1989-1999 Toyota Liteace
Vans during the 80s and 90s in the Philippines come in various shapes, sizes, and price ranges. Large ones include the clan (family and gangsters) favorite L300 and Hiace, to the American inspired Honda Odyssey and Mazda MPV, and taking up the smallest part of the van chain are the Daihatsu Hijet (the one that install your telephone and cable lines use), Nissan Vanette, and the Toyota Liteace. The popular Tamaraw FX (and the descendant named Revo), Isuzu Hilander, Mitsubishi Adventure, and other backyard assembled AUVs don't make the cut since they don't have sliding doors.
With names of Townace, Masterace, and Van (I'm serious about this); the Toyota Liteace was first launched in 1978. It was a wonder which provided seating for seven to eight people in a short wheelbase, good for city driving. The engine is located under the driver's seat and a 4WD option was made available. Production stayed until 2007 under four generations.
The Liteace was made available to the Filipino consumer in 1989 and became an instant hit. Slightly longer (and more roomier) than the Hijet but consumes less road space than the L300. From families to rich college students (think of Bagets and Tabing Ilog) to transport their barkada to anyplace, this little wonder captured the hearts and wallets of buyers. Production ceased in 1999 with the Hiace taking over the role that the Liteace did for Toyota. We cannot consider the Avanza as the direct descendant of the Litace despite having the same length and possessing small displacement engines.
Value and Costs
For a price equivalent of a brand new compact sedan with a 1.6 engine back then, you can now obtain a second hand unit from P90,000 to P140,000. Basic models from 1989 to 1992 would set you back below a hundred grand or a snip while 1993 and up power loaded GXL variants takes up the upper side of the range. There are Liteaces (and even the Townace equivalent) from Japan wandering in the used car market, be cautious with them since problems regarding their conversion, air-conditioning systems, and decade old electronics that malfunction.
Before driving this van out of the dealer's lot, have you checked these in the unit you've been looking? Inspect the cooling system's reliability (overheating is a common occurence for Liteaces), the air-conditioning mechanism (good luck if hot air blows your hair), the sliding door's capability to protect occupants from water entering during the rainy season (body damage can be the culprit at worst while there is a need for replacing the sliding-door rollers at best), and the carburetor system works properly.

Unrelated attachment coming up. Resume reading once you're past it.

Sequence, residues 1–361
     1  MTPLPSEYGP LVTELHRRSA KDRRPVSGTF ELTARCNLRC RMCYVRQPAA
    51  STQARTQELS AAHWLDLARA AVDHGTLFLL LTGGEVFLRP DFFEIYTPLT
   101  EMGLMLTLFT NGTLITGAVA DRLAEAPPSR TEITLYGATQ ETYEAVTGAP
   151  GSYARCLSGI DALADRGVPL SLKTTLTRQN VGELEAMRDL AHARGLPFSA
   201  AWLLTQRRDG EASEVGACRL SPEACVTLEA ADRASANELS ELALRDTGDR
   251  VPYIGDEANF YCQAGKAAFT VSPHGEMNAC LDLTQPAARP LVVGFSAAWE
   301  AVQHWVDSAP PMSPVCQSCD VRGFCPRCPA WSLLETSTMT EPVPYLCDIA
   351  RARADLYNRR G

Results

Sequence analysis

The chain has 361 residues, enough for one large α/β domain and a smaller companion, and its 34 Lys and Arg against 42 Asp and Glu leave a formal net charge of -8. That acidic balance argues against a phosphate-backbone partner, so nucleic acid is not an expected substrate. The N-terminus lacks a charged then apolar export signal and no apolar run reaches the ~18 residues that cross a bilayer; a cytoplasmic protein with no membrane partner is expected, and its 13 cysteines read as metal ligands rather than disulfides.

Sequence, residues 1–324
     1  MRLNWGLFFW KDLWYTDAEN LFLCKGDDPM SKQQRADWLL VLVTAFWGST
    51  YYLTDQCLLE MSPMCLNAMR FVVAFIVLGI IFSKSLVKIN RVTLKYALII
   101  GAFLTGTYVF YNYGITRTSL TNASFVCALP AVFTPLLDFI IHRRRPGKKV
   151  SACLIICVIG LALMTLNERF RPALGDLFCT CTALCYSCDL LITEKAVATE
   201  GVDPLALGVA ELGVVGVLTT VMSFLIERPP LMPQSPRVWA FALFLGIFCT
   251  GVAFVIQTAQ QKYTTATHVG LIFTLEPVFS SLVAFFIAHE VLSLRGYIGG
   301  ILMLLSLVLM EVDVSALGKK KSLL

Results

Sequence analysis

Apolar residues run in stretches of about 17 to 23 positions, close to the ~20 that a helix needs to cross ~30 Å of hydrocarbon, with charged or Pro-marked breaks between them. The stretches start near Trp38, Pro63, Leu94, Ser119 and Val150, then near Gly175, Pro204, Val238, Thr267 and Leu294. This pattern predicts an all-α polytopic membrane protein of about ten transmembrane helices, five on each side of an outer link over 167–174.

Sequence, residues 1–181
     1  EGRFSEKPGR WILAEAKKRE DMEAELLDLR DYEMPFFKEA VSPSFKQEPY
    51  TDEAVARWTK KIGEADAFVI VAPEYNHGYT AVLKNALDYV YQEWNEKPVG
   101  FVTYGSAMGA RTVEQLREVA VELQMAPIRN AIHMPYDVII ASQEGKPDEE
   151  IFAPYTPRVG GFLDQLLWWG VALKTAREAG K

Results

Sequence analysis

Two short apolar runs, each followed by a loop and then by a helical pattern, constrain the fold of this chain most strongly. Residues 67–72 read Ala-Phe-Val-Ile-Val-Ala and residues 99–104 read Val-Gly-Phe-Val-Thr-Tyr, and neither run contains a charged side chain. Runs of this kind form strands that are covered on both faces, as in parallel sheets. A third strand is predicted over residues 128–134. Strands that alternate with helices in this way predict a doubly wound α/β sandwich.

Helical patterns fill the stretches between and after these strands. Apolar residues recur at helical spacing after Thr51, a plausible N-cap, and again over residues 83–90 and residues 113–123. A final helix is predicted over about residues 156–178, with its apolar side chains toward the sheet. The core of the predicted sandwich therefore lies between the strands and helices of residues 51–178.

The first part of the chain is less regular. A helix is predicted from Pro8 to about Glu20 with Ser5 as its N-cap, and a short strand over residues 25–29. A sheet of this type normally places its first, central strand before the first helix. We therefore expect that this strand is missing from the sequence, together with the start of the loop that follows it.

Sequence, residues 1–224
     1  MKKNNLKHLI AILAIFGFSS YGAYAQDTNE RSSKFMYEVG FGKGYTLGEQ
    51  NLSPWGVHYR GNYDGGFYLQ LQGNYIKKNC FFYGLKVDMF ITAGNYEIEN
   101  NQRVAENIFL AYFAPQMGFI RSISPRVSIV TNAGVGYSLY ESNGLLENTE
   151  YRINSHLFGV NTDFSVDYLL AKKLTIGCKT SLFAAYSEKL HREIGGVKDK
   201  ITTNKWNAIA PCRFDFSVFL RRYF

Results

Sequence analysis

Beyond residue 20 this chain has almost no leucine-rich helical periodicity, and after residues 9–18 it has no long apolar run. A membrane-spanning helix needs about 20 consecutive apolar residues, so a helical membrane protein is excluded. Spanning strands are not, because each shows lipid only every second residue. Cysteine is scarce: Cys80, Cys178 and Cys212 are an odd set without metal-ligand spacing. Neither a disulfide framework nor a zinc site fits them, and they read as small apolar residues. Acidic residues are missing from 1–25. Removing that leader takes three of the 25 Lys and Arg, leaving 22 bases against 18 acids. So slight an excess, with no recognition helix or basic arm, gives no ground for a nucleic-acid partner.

Exterior and Interior
You and I have the same comment that the Liteace is old, but the design does not look current nor looks dated. Early models had their headlamps wrapped in framed seal beams, but swapping it with later model headlamps would remedy the cosmetic issue and also gives you better vision at night. Rust is not a problem unless the previous owner had crashed the van or the daily route involves flooded streets.
Despite the small exterior, the Liteace is big on interior room - with seven warm bodies loving the space provided. The interior bits are high on function factor but low on the bling; but you won't mind since cleaning the dashboard is easy via the usage of a high quality rag (not the pranelas sold in the streets). Notice the steering wheel, it is tilted in a 60 degree position, so get used to it if you are accustomed to sedans.
We wish that the Liteace sold locally had a diesel engine, but Toyota Motor Philippines decided to equip the small wonder with a 1,486cc 5K gasoline engine that has 64hp at 4,800rpm and 102Nm at 3,200rpm on tap. It does not have any fuel injection system, but a carburetor to feed the engine. As what physics dictate us, having a weaker engine (no thanks to the carb engine and low power output combo) and a heavy body would result to low fuel consumption, but it can travel up to 145kph (as what the speedometer dictates) without stress.
Sit on the drivers seat, and you will experience driving a mini bus with your friends or family - no thanks to the angle of the steering wheel. But you won't mind it since it will give you an advantage when it comes to visibility, couple it with the high seating position. The mounted steering wheel can be a problem if tackling tight parking maneuvers that the metro has to offer. The ride is on the comfortable side, that's if you avoid potholes littered anywhere in the streets. Your passengers won't complain in general, unless the air-conditioning system conks out.
Filipinos are social persons, we love to travel and hang out with our friends (from your high school batch mates to the people you've met online) and our families. With a multitude of vans of different sizes and prices, the Liteace is a bargain if one prioritizes a limited budget and size factors. Jump in and enjoy the ride! Family and barkada bonding? More fun in the Philippines and with the Toyota Liteace.
- The ultimate space master
- Perfect for city driving and parking
- Good all around visibility
- Power ain't enough
- Refinement not an advantage
- Good luck if it overheats
Engine: 1,486cc 5K I4 gasoline
Power: 64hp @ 4,800rpm
Torque: 102Nm @ 3,200rpm
Fuel Consumption: 6-8km/L (city), 9-13km/L (highway) (*estimated and varies)
Transmission: 5-speed manual
Suspension: Front double wishbone, rear solid axle
Price (New): P520,000-P580,000 (range from 1989-1999)
Price (Now): P90,000-P140,000
Rivals: Nissan Vanette, Daihatsu Hijet, Mitsubishi L300
Toyota Balintawak North - 927-7215
Toyota Quezon Avenue - 712-5001
Toyota Makati - 897-3333
Photos from Autoindustriya.com